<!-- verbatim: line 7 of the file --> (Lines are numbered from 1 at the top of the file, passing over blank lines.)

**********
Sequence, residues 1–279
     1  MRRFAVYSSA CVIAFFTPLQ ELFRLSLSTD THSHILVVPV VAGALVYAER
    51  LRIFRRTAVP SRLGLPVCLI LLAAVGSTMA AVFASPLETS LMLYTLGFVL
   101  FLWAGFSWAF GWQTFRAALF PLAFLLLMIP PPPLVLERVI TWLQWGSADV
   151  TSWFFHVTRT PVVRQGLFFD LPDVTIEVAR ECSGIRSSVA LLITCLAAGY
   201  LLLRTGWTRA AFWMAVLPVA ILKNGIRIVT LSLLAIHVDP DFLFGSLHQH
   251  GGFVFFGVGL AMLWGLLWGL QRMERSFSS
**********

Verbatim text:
   251  GGFVFFGVGL AMLWGLLWGL QRMERSFSS